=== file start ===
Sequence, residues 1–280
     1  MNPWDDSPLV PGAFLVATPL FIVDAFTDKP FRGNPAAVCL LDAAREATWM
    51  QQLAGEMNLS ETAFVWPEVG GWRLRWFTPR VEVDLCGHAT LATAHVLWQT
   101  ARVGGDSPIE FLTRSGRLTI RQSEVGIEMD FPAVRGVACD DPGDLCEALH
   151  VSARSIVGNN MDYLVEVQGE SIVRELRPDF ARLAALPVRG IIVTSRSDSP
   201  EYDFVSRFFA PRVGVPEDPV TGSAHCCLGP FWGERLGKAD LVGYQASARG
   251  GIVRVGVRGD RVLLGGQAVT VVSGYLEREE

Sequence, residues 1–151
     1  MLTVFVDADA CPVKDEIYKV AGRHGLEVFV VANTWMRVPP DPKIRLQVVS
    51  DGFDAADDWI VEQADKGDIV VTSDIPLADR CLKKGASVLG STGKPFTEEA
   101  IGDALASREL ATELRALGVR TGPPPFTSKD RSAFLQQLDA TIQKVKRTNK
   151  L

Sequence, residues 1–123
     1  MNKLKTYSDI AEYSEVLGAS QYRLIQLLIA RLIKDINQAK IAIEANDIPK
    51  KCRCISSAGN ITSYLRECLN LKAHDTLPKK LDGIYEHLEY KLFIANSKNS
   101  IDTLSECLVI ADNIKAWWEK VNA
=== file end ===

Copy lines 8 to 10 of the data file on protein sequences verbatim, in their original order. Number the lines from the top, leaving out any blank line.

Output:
Sequence, residues 1–151
     1  MLTVFVDADA CPVKDEIYKV AGRHGLEVFV VANTWMRVPP DPKIRLQVVS
    51  DGFDAADDWI VEQADKGDIV VTSDIPLADR CLKKGASVLG STGKPFTEEA